Software for old band VHS conversion to PC

LazerBeakShiek

200M Subscribers
What software do people use for converting VHS tapes of old band performances?

What can be done about the sound quality?

I made a quick clip to demonstrate the poor sound quality.
1989..
 

bouldersoundguy

Well-known member
I mostly use the capture tool in Vegas Pro 18. Sometimes I use Media Express that came with my Blackmagic Design Intensity Shuttle USB capture device.

Unless something about the capture process was substantially degrading the audio, there's not a whole lot you can do to improve that. You could raise the level a fair bit, and do some eq.
 

TalismanRich

Well-known member
I do most of my video capture for things like that on a Magnavox DVD/DVR unit that captures to an internal hard drive, then burns to DVD. From the DVD, I can rip back to a computer if I need to. I can also use my Hauppage HD DVR to capture the video to the computer, then I can edit either with my Cyberlink PowerDirector or DaVinci Resolve.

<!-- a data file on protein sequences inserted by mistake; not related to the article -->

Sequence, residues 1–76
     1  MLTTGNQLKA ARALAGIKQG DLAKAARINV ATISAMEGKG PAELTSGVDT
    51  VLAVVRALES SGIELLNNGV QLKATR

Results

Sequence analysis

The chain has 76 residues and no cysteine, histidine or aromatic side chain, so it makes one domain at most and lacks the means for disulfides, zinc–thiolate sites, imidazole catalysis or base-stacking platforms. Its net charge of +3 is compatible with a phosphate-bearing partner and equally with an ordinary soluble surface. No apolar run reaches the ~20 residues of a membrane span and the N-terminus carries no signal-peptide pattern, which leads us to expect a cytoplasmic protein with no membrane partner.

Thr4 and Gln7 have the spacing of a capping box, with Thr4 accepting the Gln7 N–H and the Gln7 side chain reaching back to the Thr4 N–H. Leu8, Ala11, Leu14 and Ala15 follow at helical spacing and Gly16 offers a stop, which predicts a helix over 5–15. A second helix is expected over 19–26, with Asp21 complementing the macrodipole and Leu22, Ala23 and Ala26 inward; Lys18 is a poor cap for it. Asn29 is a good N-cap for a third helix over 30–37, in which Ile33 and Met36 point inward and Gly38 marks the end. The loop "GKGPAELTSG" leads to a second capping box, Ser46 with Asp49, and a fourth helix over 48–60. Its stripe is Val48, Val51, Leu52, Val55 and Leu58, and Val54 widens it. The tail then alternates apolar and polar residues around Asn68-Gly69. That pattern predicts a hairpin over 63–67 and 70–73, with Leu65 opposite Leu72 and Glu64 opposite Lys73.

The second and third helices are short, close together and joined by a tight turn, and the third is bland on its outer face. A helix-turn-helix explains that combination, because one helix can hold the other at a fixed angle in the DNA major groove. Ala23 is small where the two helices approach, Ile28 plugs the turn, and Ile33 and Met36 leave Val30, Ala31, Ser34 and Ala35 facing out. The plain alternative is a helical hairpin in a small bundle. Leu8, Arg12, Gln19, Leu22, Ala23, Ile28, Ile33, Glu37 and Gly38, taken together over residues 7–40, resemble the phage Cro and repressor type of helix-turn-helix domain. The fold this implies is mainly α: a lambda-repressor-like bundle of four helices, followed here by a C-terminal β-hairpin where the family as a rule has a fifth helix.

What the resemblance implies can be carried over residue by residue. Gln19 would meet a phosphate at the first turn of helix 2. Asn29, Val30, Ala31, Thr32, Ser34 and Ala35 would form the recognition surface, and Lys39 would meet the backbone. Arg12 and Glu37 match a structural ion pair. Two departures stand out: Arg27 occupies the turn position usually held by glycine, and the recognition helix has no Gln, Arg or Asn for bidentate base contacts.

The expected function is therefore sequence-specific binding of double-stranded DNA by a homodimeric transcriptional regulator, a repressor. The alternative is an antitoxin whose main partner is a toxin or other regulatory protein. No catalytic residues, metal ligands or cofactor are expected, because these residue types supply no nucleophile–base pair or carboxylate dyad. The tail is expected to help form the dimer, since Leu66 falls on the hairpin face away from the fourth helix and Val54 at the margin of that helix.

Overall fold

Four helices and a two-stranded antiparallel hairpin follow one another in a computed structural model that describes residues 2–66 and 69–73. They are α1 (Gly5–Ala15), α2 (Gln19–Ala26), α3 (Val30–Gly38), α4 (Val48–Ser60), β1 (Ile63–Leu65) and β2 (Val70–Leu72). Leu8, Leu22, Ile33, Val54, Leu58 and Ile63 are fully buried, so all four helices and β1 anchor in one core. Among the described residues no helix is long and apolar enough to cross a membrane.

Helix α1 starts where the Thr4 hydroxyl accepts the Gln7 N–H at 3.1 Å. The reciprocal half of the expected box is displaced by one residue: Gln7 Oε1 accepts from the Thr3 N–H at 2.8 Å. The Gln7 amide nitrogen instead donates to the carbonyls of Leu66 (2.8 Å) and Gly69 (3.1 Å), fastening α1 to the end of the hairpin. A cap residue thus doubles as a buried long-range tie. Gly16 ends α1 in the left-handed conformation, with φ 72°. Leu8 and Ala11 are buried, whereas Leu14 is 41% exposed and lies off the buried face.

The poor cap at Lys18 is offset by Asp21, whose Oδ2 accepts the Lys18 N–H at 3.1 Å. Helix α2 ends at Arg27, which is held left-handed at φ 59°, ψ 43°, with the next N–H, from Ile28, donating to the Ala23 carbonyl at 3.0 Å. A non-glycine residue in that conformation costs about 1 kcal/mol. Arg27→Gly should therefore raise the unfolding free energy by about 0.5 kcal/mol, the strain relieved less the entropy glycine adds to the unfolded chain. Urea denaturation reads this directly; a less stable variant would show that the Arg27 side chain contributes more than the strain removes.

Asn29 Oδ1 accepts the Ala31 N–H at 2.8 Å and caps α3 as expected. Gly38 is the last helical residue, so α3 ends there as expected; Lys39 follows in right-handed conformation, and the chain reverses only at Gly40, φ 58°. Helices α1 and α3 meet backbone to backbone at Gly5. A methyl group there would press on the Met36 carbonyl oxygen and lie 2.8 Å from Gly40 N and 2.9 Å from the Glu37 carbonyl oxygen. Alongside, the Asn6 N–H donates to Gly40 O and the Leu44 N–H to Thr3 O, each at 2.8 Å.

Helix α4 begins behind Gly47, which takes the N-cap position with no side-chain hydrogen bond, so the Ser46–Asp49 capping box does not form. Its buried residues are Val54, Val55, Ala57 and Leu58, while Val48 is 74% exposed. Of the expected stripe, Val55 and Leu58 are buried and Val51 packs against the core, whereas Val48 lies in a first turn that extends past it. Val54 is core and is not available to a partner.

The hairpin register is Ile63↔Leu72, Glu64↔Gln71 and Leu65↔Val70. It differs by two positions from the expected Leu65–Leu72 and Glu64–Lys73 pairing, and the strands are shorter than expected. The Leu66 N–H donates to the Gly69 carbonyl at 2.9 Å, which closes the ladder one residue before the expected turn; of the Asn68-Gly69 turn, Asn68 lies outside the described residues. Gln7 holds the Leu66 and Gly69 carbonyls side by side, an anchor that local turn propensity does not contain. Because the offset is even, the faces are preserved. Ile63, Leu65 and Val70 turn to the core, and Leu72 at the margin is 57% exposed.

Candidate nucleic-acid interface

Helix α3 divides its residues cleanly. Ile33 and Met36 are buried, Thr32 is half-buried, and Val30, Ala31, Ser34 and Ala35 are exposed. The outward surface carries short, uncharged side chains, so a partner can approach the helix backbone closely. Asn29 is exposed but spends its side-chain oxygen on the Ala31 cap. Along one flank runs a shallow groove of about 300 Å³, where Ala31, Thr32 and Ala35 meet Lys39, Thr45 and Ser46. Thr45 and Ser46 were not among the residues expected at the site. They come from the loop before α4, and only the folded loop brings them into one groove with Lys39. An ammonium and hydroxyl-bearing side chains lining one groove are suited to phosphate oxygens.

The audio track can be edited just like any other audio. As BSG said, some basic EQ is probably going to be your best bet for doctoring up the sound.
 

rob aylestone

Well-known member
VHS and beta tapes often have large amounts of flutter, made worse when copied and this often gives that sound which is very difficult to treat. I’ve often wondered if we hear it as ‘bad sound’ but can’t quite find the words to explain it? I guess it’s one of the last examples of thin tracks, low tape speed and agc. I think it’s made worse by music videos with bass that messes up auto gain. Using an expander to increase dynamic range before tweaking might be useful. Something like spectral layers might be able to extract some stems from it you could treat separately.
 

bouldersoundguy

Well-known member
A linear mono track could have flutter, but an AFM stereo track should be pretty stable barring tracking errors, which would probably be fairly obvious.
 
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